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Love and Math: The Heart of Hidden Reality

Edward Frenkel
Basic Books
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The Basic Library List Committee suggests that undergraduate mathematics libraries consider this book for acquisition.

[Reviewed by
Ellen Ziliak
, on

Edward Frenkel writes “This book is an invitation to a rich and dazzling world. I wrote it for readers without any background in mathematics. If you think math is hard, that you won’t get it, if you are terrified by math, but at the same time curious whether there is something there worth knowing — then this book is for you.” Love and Math contains a nice mixture of storytelling and expository description of mathematics. This makes the book very enjoyable.

One goal of this book is to describe, in a nontechnical way, how the Langlands program is the “Rosetta Stone” connecting the fields of number theory, finite fields, Riemann surfaces and Quantum Physics. This is indeed a lofty goal. Frenkel must introduce and discuss concepts that are typically covered in advanced undergraduate and graduate math classes. Frenkel incorporates much of his life story, including details about the Russian anti-Semitism that prevented him from being accepted into the prestigious Department of Mechanics and Mathematics at Moscow State University. He tells about his “opportunity of a lifetime,” which brought him to Harvard University, where he earned his PhD and became the mathematician he is today.

Frenkel gives the reader unusual insight into the life of a mathematician. Many non-mathematicians might not understand how one discovers a new theorem in mathematics nor the type of work that leads to this accomplishment. In the account of the moment when Frenkel told his advisor that he had proved his first theorem he writes “I solved the problem! I couldn’t contain my excitement…” The feeling of success that a mathematician gets when they finally figure out the solution to the puzzle might help to explain why mathematicians dedicate their lives to their field. Frenkel brings this feeling to life in his story. Including these personal details helps to motivate the future results he discusses.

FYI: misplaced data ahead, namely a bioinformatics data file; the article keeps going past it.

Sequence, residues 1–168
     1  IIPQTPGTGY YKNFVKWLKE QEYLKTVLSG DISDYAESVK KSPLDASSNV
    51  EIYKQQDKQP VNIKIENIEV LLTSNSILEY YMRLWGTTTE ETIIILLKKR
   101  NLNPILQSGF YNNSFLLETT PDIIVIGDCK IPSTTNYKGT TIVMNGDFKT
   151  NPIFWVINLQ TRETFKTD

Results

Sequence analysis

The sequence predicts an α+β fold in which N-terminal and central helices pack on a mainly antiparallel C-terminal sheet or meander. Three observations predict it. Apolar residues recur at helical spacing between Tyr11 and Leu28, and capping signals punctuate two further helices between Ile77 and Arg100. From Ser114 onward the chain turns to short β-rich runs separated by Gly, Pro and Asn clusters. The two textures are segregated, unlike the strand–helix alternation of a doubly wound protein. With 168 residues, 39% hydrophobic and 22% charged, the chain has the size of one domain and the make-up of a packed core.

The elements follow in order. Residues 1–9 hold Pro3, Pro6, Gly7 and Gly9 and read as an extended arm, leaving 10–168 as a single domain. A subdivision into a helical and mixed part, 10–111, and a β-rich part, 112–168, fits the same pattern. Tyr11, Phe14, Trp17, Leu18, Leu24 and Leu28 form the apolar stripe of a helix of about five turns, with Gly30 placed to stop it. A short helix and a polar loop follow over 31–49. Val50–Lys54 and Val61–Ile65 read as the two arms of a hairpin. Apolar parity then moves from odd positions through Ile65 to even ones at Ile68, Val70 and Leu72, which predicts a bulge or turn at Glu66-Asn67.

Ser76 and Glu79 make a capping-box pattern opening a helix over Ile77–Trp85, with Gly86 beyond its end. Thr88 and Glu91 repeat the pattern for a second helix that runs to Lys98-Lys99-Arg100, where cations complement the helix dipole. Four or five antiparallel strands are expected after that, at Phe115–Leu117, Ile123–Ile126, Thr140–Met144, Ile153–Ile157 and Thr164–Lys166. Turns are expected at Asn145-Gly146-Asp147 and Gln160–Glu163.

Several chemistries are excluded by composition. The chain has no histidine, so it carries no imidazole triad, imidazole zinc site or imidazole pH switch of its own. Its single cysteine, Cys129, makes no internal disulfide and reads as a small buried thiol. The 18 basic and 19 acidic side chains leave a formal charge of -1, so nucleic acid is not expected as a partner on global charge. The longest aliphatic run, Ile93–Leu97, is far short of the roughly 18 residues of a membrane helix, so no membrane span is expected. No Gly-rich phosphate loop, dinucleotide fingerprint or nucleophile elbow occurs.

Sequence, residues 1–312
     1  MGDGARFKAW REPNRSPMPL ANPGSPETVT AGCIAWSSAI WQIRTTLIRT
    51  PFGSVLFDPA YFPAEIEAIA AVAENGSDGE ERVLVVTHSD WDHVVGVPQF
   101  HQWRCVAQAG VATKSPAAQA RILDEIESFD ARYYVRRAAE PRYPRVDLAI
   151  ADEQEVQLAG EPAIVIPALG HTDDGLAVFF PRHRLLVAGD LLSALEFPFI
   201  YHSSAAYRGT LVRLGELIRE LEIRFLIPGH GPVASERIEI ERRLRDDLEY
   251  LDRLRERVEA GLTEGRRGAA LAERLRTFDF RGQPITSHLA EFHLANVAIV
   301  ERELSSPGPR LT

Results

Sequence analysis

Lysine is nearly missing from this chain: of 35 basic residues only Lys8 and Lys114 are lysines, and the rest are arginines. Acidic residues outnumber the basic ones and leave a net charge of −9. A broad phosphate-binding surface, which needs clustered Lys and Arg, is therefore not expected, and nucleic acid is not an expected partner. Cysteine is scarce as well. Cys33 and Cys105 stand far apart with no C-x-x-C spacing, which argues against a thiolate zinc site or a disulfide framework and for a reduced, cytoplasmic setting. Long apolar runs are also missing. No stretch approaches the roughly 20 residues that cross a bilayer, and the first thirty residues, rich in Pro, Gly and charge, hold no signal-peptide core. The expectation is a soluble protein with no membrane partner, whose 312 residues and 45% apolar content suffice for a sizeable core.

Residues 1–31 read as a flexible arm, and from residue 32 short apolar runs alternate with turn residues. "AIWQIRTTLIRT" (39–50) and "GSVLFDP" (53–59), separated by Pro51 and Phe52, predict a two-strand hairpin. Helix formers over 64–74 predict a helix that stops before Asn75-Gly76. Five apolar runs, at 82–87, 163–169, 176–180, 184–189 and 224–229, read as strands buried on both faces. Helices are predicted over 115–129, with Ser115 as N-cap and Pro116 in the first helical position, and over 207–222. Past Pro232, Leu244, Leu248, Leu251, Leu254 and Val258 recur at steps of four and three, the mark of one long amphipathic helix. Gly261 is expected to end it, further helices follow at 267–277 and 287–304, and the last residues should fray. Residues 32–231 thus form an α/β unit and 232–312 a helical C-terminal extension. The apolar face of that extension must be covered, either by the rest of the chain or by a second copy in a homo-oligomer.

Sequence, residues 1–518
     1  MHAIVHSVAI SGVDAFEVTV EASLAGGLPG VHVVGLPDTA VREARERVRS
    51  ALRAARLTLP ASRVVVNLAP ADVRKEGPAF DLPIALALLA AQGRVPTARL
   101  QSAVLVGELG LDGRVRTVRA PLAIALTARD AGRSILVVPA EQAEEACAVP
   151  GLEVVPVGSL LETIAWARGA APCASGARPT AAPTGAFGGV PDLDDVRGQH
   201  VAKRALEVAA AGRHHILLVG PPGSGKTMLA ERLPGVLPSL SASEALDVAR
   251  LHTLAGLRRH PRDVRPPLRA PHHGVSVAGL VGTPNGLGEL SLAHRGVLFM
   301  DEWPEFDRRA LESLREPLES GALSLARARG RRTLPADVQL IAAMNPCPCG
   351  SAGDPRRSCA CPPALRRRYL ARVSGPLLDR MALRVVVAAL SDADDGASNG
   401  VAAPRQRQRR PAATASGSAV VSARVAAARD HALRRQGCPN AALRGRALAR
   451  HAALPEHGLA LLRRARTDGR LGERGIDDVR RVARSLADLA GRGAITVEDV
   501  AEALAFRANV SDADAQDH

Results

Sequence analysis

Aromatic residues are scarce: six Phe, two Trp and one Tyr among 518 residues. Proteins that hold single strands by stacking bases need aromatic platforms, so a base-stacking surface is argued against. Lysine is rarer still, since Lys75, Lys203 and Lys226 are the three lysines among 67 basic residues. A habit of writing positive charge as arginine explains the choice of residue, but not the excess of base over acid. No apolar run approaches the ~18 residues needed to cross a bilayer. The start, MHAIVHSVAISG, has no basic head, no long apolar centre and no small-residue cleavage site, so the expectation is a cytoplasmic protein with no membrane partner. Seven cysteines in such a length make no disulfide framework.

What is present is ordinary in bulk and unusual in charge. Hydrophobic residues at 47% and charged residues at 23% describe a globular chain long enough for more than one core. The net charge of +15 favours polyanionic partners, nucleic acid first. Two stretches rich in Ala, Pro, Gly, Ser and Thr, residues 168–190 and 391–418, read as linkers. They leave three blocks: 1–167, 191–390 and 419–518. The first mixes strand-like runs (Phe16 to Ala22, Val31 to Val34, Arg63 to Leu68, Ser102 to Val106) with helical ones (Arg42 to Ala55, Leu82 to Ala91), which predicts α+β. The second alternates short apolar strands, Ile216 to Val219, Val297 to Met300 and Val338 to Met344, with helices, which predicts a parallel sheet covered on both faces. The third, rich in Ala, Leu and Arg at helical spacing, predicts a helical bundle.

Frenkel seems to be highly skilled at explaining deep mathematical concepts without the need of a broad mathematical background. Perhaps this is a skill developed from his years working on the Langlands program in collaboration with physicists. It is wonderful to read a truly expository book about mathematics that actually says something meaningful and allows a non-specialist to gain an appreciation for the beauty and power of the field.

One question that comes to mind is “how can I use this book?” Who should read this book? This is a good book for anyone who is curious about mathematics, but in particular I am sure that mathematicians and mathematics students would enjoy the book. Having a deeper understanding of these concepts really brings the story to life. As an algebraist, I found that the book gave me several examples of applications of my field that I was not previously aware of.

Students majoring in mathematics with plans of working in industry after graduation will eventually need to explain to a potential employer why their mathematics background makes them qualified for a job. This book includes several examples where innovative thinking in mathematics has led to applications which were never intended. Mathematicians solve problems, think logically and have skills that are transferable to many fields. This theme is artfully illustrated throughout the book.

Ellen Ziliak is an Assistant Professor of mathematics at Benedictine University in Lisle IL. Her training is in computational group theory. More recently she has become interested in ways to introduce undergraduate students to research in abstract algebra through applications. 

The table of contents is not available.